20 June 2023
CEA-Leti and Intel to co-develop atomically thin 2D TMDs on 300mm wafers
Micro/nanotechnology R&D center CEA-Leti of Grenoble, France and Intel of Santa Clara, CA, USA have announced a joint research project to develop layer transfer technology of two-dimensional transition-metal dichalcogenides (2D TMDs) on 300mm wafers with the goal to extend Moore’s Law beyond 2030.
2D-layered semiconductors, such as molybdenum- and tungsten-based TMDs, are promising candidates to extend Moore’s Law and ensure ultimate scaling of MOSFET transistors, because 2D-FETs provide innate sub-1nm transistor channel thickness. They are suitable for high-performance and low-power platforms due to their good carrier transport and mobility, even for atomically thin layers. In addition, their device body thickness and moderate energy bandgap lead to enhanced electrostatic control, and thus to low off-state currents.
These characteristics position 2D-FET stacked-nanosheet devices as a promising solution for transistor scaling beyond 2030, which will require high-quality 2D channel growth, adapted transfer and robust process modules. To that end, the multi-year project will develop a viable layer-transfer technology of high-quality 2D materials (grown on 300mm preferred substrates) to another device substrate for transistor process integration. Intel brings decades of R&D and manufacturing expertise to the project and CEA-Leti also provides bonding and transfer-layer expertise and large-scale characterization.
“As we are relentlessly pushing Moore’s Law, 2D TMD material is a promising option for extending the limits of transistor scaling in the future,” says Robert Chau, Intel senior fellow in Technology Development and director of Intel Europe Research. “This research program focuses on developing a viable 2D TMD-based technology in 300mm for future Moore’s Law transistor scaling.”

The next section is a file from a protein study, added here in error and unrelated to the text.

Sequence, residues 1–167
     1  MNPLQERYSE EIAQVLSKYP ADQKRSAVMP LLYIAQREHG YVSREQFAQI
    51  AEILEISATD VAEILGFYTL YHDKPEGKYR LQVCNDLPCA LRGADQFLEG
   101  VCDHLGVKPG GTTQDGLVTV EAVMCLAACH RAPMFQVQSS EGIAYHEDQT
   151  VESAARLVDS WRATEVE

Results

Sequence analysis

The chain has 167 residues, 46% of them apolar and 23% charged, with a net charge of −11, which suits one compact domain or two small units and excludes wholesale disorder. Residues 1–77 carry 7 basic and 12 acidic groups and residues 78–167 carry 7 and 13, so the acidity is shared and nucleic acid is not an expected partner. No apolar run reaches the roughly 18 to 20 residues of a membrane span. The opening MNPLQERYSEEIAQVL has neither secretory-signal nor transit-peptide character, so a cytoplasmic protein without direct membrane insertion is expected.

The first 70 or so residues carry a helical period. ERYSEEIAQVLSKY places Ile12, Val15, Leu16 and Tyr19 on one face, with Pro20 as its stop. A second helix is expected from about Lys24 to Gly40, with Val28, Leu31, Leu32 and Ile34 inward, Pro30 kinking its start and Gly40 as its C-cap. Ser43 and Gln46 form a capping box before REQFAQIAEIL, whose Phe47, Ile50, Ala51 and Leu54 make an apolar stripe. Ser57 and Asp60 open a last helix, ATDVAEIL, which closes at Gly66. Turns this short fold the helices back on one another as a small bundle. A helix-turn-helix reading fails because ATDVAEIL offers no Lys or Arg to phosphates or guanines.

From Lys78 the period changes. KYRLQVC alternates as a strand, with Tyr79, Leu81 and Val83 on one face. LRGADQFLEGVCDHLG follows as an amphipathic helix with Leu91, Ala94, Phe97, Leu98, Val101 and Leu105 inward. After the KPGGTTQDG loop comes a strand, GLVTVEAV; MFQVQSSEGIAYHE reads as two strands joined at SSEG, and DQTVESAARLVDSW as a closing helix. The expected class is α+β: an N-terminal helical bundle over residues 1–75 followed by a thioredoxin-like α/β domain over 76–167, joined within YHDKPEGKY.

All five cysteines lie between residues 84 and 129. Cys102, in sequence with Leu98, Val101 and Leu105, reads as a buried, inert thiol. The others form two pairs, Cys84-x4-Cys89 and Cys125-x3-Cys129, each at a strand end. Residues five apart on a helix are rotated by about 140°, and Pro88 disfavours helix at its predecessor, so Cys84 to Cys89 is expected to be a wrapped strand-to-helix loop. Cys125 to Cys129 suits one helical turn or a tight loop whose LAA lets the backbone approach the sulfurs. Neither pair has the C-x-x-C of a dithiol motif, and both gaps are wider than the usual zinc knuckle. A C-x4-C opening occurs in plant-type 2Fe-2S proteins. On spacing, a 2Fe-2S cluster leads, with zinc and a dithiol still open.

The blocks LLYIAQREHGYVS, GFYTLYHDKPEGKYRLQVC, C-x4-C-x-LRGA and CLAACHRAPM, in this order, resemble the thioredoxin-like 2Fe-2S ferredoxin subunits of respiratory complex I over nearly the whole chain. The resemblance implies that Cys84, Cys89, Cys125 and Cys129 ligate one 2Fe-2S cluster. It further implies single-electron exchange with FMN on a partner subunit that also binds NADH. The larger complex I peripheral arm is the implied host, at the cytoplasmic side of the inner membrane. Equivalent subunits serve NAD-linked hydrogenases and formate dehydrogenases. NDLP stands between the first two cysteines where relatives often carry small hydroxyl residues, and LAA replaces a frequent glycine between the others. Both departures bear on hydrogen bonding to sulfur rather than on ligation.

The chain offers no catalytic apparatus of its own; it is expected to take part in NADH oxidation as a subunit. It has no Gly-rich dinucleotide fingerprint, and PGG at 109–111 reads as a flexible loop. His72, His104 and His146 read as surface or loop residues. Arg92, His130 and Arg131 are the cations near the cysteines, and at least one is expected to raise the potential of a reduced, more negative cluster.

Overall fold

Intel brings its expertise in semiconductor and packaging research and technology to work with European partners to develop Moore’s Law innovations and advance microelectronics in Europe. In 2022, Chau relocated from the USA to Europe to lead Intel Europe Research and to drive Intel’s R&D with partners on the continent. Intel and CEA-Leti have a long history of collaboration in semiconductor design, processes and packaging technology.
Most recently, in June 2022, they announced a research breakthrough in a new die-to-wafer bonding technology using a self-assembly process for future chip integration. Chau, who visited CEA-Leti’s Grenoble headquarters on 16 June to emphasize the importance of their collaborations and the launch of the project, has been a strong supporter of multi-year research collaborations between the two entities.
CEA-Leti’s CEO Sebastien Dauvé said industry roadmaps show that 2D materials will be integrated in future microelectronic devices, and that transfer capability in 300mm wafers will be key to that integration. “Due to their high growth temperature exceeding 700°C and high-quality growth on preferred substrates, it is difficult to stack 2D materials as usual thin layers,” Dauvé adds. “So, transfer holds the most promise for integrating them in future devices, and CEA-Leti’s strengths in this context are its expertise and know-how in transfer development and characterization.”